This paper questions a widespread narrative that presents cooperative initiatives as mainly unsuccessful in postsocialist contexts. Taking the example of cooperative promotion in Kyrgyzstan after its independence from the Soviet Union, it highlights how this narrative is part of a broader hegemonic discourse on development and on the economy. The paper advances an alternative, postcapitalist, reading of cooperatives and cooperation in Kyrgyzstan and postsocialist contexts more in general.
My doctoral thesis investigates cooperation practices within and beyond agricultural cooperatives. Based on ethnographic fieldwork in a village in Kyrgyzstan, it unravels local and international discourses of nostalgia, contempt and pride linked to cooperation practices in socialist and postsocialist times, and reflect on the subjectivities entangled with these discourses. It thereby proposes a postcapitalist reading of postsocialism as a concept and space.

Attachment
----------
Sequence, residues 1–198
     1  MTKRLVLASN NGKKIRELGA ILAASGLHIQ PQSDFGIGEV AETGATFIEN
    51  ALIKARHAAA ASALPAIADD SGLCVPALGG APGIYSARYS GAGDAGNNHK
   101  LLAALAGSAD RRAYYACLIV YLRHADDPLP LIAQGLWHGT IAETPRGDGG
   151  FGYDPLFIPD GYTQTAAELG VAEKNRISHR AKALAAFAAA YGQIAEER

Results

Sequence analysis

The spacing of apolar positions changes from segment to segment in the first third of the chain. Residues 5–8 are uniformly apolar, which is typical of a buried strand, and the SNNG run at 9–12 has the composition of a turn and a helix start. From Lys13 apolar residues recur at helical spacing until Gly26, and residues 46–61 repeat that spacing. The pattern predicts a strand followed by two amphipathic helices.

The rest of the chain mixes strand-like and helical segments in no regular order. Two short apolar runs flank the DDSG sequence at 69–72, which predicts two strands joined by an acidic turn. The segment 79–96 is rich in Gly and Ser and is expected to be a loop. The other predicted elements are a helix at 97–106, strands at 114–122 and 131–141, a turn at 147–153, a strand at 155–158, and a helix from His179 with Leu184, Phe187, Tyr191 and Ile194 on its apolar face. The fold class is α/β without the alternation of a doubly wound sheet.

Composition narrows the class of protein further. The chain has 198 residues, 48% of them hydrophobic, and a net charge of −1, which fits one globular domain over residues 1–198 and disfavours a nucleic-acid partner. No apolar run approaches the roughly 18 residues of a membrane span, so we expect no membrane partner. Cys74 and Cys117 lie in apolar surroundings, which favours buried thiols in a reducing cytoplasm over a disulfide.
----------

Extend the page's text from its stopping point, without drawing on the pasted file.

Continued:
This paper brings together two streams of literature which rarely enter into conversation: diverse economies scholarship and critical readings of postsocialism. Mobilising the cases of food self-provisioning (FSP) in Czechia and agricultural cooperatives in Kyrgyzstan as an empirical basis for our reflections, we pursue a two-fold aim. Firstly, we call for attention to the postsocialist East as fertile ground for the study of diverse economies.